Provides a look at the origins of the culture wars of modern America and the political and economic transformation of the U.S. re...
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Provides a look at the origins of the culture wars of modern America and the political and economic transformation of the U.S. republic
This book tells, in clear and lively prose, how Americans struggled with modernity in both its cultural and economic forms between the start of World War I and the end of World War II, focusing on the 1920s through 1930s. This edition includes revisions that expand the scope and features increased coverage of topics that will be of great interest to new readers as well as those familiar with the subject.
The Birth of Modern America, 1914-1945, Second Edition begins with a discussion of the promises and perils of the progressive era. The book goes on to look at the Great War and life on the home front and explores many paradoxes that marked the birth of Modern America. Topics covered include: the pervasive racism and nativism during and after WWI; the disillusionment with Woodrow Wilson's rhetorical idealism; the emergence of national media; the Great Depression; FDR and the New Deal; the attack on Pearl Harbor; Hollywood's part during World War II; the United States' decision to drop "the bomb" on Japan; and more.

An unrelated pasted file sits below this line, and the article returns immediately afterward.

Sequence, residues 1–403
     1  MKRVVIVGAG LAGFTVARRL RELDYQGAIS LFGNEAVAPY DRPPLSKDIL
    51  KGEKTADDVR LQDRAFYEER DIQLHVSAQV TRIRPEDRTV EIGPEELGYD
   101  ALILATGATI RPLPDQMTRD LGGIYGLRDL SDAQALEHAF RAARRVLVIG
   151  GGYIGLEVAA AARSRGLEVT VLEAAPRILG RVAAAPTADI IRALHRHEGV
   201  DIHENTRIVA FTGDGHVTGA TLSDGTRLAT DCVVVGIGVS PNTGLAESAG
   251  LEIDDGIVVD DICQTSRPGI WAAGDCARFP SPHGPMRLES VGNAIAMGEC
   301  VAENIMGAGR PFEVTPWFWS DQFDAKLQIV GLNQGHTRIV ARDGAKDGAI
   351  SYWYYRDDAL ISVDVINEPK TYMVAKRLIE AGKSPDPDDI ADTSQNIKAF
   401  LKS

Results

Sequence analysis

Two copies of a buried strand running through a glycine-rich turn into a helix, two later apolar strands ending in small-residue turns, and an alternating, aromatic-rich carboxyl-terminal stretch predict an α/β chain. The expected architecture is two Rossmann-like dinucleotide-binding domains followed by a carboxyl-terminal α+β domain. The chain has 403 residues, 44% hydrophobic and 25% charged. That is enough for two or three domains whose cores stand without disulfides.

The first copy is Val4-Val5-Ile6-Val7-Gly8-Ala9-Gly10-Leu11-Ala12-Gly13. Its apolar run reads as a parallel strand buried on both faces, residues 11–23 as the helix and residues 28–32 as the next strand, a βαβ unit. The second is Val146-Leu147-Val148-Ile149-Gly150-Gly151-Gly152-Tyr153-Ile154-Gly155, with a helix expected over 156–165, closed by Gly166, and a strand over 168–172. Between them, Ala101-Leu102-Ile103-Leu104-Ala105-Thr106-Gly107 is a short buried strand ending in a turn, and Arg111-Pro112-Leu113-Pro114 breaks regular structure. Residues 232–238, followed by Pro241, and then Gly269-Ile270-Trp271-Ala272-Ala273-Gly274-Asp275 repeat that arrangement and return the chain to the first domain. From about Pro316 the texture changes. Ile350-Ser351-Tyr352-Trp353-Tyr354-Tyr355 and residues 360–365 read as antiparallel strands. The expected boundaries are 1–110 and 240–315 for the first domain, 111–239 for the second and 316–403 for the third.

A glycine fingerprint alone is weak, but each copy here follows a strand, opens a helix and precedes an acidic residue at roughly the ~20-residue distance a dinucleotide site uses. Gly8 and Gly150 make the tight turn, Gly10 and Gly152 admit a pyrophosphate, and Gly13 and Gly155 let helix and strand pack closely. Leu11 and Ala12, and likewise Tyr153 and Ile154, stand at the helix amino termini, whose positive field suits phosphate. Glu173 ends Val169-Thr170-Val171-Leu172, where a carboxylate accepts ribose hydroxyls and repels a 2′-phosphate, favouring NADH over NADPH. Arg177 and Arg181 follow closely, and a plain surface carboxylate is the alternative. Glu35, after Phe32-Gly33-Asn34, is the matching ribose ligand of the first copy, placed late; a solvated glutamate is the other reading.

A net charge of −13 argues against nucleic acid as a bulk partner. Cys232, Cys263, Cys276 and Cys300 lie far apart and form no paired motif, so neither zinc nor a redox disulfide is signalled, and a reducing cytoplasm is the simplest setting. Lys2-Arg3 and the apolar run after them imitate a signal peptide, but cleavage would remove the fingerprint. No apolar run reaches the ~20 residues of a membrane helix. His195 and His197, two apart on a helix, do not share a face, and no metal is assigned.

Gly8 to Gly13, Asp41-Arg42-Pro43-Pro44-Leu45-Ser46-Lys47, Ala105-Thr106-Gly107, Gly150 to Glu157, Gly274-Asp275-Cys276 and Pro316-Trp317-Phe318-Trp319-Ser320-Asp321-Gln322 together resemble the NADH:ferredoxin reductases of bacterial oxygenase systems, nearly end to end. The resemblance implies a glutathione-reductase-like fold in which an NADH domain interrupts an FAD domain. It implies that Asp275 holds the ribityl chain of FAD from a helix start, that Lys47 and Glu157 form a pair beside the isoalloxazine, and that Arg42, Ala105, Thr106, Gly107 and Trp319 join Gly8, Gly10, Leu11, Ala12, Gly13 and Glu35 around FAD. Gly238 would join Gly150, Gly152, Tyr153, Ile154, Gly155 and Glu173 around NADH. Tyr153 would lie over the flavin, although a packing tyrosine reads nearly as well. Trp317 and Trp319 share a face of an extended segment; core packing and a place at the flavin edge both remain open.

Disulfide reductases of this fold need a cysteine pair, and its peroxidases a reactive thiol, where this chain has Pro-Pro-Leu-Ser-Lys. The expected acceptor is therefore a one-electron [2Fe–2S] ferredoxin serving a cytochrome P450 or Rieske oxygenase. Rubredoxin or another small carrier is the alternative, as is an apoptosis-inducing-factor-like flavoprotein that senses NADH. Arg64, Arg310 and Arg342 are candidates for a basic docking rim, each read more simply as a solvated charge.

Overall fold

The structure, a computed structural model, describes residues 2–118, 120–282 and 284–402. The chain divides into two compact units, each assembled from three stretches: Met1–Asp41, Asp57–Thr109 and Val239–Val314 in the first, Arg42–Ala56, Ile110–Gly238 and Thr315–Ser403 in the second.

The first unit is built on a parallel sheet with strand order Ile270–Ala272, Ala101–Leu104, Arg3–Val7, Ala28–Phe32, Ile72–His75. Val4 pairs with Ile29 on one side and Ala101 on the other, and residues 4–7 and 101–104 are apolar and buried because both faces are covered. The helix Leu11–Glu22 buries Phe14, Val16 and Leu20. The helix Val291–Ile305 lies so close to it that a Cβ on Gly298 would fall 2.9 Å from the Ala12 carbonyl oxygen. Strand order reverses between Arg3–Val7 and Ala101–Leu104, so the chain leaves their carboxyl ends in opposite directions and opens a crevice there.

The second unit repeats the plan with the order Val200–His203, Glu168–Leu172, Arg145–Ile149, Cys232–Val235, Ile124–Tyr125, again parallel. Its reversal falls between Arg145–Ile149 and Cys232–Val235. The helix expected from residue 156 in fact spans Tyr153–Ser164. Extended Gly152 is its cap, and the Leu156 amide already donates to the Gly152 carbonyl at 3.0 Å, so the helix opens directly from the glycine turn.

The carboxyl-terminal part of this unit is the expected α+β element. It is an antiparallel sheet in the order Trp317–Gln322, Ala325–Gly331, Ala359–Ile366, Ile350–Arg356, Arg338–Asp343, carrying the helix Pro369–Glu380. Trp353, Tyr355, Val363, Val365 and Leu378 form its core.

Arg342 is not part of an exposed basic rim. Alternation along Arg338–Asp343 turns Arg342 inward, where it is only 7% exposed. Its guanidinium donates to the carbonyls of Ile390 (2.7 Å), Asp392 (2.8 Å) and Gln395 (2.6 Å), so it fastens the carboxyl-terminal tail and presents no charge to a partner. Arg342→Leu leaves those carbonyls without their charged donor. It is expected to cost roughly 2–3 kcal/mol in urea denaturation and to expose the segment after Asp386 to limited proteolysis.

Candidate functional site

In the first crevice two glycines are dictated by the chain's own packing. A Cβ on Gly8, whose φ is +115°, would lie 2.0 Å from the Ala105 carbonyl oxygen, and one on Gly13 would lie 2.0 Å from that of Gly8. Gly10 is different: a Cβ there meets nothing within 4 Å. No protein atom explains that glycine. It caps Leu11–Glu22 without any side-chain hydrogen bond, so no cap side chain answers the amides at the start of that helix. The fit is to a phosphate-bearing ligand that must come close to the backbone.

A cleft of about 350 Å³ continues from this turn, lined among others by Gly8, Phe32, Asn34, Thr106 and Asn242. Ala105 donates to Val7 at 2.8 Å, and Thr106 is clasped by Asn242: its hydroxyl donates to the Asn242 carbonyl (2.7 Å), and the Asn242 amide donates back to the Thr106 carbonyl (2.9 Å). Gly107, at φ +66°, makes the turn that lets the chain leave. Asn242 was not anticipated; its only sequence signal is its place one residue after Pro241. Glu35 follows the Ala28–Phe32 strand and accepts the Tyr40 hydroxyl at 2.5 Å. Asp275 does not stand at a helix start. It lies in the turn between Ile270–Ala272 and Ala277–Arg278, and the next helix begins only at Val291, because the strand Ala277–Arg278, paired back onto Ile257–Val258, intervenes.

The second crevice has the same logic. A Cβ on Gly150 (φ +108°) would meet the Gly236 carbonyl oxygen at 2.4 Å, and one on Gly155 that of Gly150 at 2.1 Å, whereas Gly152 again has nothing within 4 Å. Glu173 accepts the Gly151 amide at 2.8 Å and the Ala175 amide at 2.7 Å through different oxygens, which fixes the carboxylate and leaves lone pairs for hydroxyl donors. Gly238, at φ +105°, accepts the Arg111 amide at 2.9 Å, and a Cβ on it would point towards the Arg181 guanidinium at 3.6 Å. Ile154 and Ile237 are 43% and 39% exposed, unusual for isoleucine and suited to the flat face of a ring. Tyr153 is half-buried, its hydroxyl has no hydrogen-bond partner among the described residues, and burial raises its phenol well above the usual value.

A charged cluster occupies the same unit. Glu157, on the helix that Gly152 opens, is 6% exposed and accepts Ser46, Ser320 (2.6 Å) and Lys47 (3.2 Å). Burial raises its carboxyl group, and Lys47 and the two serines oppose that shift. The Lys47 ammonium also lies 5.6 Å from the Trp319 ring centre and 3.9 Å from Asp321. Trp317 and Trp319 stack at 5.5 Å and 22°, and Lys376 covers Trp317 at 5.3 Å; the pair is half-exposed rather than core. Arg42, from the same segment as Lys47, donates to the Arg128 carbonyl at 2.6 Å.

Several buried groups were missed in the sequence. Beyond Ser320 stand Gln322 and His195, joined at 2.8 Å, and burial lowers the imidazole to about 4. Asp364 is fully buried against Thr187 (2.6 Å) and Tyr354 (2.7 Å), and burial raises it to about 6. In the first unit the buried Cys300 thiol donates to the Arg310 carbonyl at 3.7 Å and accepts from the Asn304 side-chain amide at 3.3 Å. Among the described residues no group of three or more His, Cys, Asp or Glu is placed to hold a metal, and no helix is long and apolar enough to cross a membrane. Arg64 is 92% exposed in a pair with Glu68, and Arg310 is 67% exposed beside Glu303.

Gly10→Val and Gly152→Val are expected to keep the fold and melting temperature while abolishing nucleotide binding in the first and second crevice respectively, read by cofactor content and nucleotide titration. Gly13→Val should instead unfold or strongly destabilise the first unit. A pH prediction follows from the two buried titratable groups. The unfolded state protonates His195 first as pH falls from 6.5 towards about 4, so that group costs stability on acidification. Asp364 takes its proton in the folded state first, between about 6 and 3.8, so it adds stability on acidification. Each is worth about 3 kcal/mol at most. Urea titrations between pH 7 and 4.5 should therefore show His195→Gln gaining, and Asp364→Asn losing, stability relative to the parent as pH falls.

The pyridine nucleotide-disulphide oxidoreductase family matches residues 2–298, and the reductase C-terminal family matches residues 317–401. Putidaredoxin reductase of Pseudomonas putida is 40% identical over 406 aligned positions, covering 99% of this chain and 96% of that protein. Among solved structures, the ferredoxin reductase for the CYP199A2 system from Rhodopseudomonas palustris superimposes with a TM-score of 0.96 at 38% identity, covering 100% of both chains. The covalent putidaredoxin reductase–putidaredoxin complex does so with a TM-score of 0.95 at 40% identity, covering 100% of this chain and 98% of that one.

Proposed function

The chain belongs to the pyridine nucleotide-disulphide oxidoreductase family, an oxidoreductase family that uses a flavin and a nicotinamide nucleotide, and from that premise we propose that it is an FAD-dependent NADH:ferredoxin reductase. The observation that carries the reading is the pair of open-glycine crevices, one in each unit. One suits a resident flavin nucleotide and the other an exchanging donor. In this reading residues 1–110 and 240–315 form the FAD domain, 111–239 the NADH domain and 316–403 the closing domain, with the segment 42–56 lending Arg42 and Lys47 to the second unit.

Makes a strong contribution to understanding American society in the interwar years (1920s and 1930s)
Disputes that American entry into WWII brought the New Deal to an end and argues that wartime measures foreshadowed postwar American practice
Features more coverage of politics in the 1920s and 1930s
Includes an Afterword covering the G.I. bill, postwar prosperity, Americans' move to the suburbs, the challenges to peace in Europe and Asia, and the Cold War
The Birth of Modern America, 1914-1945 is an excellent book for undergraduate courses on the 20th Century and advanced placement courses. It will benefit all students and scholars of the Progressive Era, the Depression, 1920s and 1930s America, and America between the Wars.
John McClymer, PhD, is a retired Professor of History at Assumption College (now Assumption University). He is the author of seven books, including The AHA Guide to Teaching and Learning with New Media and Mississippi Freedom Summer. He served as an editor for online projects for The Journal of the Gilded Age and Progressive Era, as a co-editor of H-ETHNIC, and as a member of H-NET's Teaching Committee. Professor McClymer is the recipient of numerous fellowships and grants, including an NEH Curriculum Development grant and two Teaching American History grants in partnership with Worcester Public Schools, the American Antiquarian Society, and Old Sturbridge Village.
About the Author
Chapter One: The Second Ku Klux Klan
Chapter Two: The Declension of Evangelical Protestantism: The Scopes Trial, Fundamentalism, and Pentecostalism
Chapter Three: What Sadie Knew: The Immigrant Working Girl and the Rise of a Demotic Culture
Chapter Four: The Seven Lively Arts Revisited: The Demotic Impulse in Popular Culture
Chapter Five: Passing From Light Into Dark
Chapter Six: Revues and Other Vanities: The Commodification of Fantasy in the 1920s
Chapter Seven: The Great Depression and the New Deal